In my previous post Counting on Success? Focus on Event Fundraising Analytics, we looked at how peer-to-peer event metrics let us know if our event planning and execution efforts are paying off in fundraising results. Benchmarks let us know how we perform compared to our event fundraising peers.

Metrics and benchmarks can be our guides to whether your efforts at creating a great experience for participants are paying off. They can also reveal “opportunities” for growth and remedial action to solidify the performance of an event.

Obvious event metrics to follow are the basics, like these:

  • Total amount raised
  • Profit/loss
  • Number of participants

But what about more subtle metrics that can really make a difference? Over the dozen or so years we have been doing event fundraising online, results analysis has revealed statistics that correlate to fundraising success. Many of these metrics describe participant behavior and organization.

Some “behavior-based” metrics – and the strategies that they suggest – include the following:

Strategy Metric Reasoning
Retain as many people as you can Retention rate (of participants, team captains, team members) Returning fundraisers generally raise more money, especially team captains.
Recruiting new participants every year can take more effort than retaining existing supporters.
Encourage participants to fundraise Percent of participants who fundraise / percent zero dollar fundraisers Post event surveys revealed the number one reason participants didn’t fundraise in 2012 was “No one asked me to”. Changes to communication strategies and messaging can remedy this oversight.
Encourage self-donation Percent of participants who donate to themselves Foster a fundraising culture around your event, starting with event participants.
Encourage participants to personalize their fundraising page Percent of personal pages with image and/or story personalized A personal story is more likely to inspire friends and family to make a donation. The effort to personalize the page also increases the likelihood a fundraiser will share the page.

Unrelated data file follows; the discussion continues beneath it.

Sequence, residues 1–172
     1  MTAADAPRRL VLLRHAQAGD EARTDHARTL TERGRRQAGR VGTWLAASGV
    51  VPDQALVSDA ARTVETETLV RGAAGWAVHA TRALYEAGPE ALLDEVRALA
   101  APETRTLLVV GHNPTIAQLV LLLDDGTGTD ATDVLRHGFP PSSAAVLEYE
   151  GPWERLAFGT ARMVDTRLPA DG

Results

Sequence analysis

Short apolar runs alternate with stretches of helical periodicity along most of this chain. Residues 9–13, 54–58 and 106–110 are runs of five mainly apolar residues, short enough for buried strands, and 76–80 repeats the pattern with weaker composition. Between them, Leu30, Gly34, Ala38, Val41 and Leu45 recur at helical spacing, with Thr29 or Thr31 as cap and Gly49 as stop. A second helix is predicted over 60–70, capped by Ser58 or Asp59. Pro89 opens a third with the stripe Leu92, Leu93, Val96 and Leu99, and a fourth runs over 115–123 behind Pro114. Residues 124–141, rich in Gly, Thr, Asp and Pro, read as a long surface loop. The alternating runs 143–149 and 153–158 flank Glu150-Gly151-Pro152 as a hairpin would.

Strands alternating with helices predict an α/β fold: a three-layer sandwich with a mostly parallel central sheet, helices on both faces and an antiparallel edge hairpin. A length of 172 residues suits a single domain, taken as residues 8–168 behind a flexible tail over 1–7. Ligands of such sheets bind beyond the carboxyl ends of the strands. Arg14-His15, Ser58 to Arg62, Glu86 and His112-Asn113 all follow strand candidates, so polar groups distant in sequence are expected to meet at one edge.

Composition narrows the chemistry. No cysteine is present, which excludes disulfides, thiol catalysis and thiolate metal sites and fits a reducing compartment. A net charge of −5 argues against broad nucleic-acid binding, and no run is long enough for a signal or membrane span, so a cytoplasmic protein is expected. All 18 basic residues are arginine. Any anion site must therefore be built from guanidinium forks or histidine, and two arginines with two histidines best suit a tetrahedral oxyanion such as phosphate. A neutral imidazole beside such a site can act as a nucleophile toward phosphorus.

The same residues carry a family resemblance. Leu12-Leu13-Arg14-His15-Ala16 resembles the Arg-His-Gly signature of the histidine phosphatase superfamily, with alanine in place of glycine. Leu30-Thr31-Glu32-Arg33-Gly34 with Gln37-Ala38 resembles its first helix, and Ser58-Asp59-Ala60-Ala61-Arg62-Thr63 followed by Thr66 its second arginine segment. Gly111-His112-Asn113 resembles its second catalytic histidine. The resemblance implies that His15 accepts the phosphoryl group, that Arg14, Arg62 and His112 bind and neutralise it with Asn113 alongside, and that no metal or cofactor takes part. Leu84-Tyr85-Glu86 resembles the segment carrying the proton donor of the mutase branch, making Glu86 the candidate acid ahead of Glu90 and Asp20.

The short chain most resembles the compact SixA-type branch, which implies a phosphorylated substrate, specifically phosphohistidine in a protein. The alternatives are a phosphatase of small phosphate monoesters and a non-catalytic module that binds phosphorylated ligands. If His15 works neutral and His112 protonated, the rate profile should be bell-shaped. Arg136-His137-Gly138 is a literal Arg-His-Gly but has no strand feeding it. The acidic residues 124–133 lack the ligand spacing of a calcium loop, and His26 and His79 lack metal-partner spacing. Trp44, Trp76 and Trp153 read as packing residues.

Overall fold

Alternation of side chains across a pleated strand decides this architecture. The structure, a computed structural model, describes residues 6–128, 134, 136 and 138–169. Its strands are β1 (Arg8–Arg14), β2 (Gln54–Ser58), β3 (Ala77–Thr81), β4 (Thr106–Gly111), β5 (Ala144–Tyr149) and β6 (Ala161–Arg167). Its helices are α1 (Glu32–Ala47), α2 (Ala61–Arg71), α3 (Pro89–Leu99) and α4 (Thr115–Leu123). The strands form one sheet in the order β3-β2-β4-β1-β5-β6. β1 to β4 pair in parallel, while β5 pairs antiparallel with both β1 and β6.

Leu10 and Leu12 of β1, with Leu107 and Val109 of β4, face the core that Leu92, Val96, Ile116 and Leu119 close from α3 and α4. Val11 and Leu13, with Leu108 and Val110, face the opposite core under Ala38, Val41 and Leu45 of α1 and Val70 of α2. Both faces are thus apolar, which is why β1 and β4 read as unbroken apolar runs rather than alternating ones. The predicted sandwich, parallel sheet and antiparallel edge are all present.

Encourage fundraisers to send email and post to social media Number of emails / social media posts per fundraiser, email / social media conversion rate The data show that the number of emails sent and social media posts by a participant correlates positively to the number of donations they raise.
Cultivate teams and team captains Percent of participants who are on teams and similar stats, team size, team retention rate, etc Teams out-fundraise individuals in peer-to-peer events.
Team captains consistently outperform individual fundraisers.
Team involvement is linked to higher retention rates.

Pick Two or Three Metrics to Focus On

Just getting started using metrics and benchmarks to improve performance? Pick two or three areas to work on at a time. Set your own baseline. The more advanced online peer-to-peer fundraising software will let you pull the reports you need to calculate your performance against the benchmarks.

  • This year, focus on a few measurable metrics like “percent of participants who fundraise”. You want to know if the tactics you use contribute to moving the needle in these areas.
  • Chart your progress over the event season; you may find you need to change tactics mid-season to achieve your goal.
  • Next year, re-evaluate which metrics to work on; pick a new set of metrics to focus on … without letting go of the successful techniques you used to improve your fundraising performance this year.

These of course are in addition to giving participants the best possible experience they could possibly have, which will always be a part of the equation.

How Do We Get Started?

Some emerging events programs bring in an outside consultant to get started analyzing metrics and setting goals for the coming season. They’ll be able to help with setting baseline performance and advice on tactics most likely to achieve the results you seek.

For a do-it-yourself approach, a number of excellent recent benchmark reports reveal the metrics that most commonly equate to successful events AND provide advice on techniques for bettering performance in these areas.

Related Posts

Runners, Take Your Mark…

Peer to Peer Fundraising: How Do You Measure Up?

Averages, Medians and Modes … Oh, My!

ABOUT THE AUTHOR

Kathryn Hall began developing web-based applications in 1996, and in this capacity has worked with leading international nonprofits as well as Fortune 500 ecommerce and telecommunications companies. As a web producer and consultant at Blackbaud, she has managed fundraising website implementations and technical support for several major international charities. In her current role as a senior client success manager, she works principally with top peer-to-peer clients, helping them optimize their use of software, analyze their results, and incorporate best practice strategies into their events programs. When not working, Kathryn spends a lot of time tending her “animal farm” with two dogs and two cats, long-distance bicycle training, and finalizing for publication a book entitled “Touching History: Four Centuries of Indian-White Relations”.

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